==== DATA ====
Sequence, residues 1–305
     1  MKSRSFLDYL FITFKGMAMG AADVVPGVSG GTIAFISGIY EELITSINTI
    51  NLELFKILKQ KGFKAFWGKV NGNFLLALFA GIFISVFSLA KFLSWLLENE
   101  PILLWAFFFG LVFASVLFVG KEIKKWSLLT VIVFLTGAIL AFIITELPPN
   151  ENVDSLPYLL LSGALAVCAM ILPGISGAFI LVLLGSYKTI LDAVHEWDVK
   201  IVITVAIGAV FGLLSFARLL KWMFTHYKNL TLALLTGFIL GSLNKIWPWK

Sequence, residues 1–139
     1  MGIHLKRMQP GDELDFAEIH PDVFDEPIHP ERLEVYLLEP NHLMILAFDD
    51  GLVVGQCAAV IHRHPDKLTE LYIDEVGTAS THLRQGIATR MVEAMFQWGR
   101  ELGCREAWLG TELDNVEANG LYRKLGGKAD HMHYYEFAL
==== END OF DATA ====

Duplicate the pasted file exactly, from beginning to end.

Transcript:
Sequence, residues 1–305
     1  MKSRSFLDYL FITFKGMAMG AADVVPGVSG GTIAFISGIY EELITSINTI
    51  NLELFKILKQ KGFKAFWGKV NGNFLLALFA GIFISVFSLA KFLSWLLENE
   101  PILLWAFFFG LVFASVLFVG KEIKKWSLLT VIVFLTGAIL AFIITELPPN
   151  ENVDSLPYLL LSGALAVCAM ILPGISGAFI LVLLGSYKTI LDAVHEWDVK
   201  IVITVAIGAV FGLLSFARLL KWMFTHYKNL TLALLTGFIL GSLNKIWPWK

Sequence, residues 1–139
     1  MGIHLKRMQP GDELDFAEIH PDVFDEPIHP ERLEVYLLEP NHLMILAFDD
    51  GLVVGQCAAV IHRHPDKLTE LYIDEVGTAS THLRQGIATR MVEAMFQWGR
   101  ELGCREAWLG TELDNVEANG LYRKLGGKAD HMHYYEFAL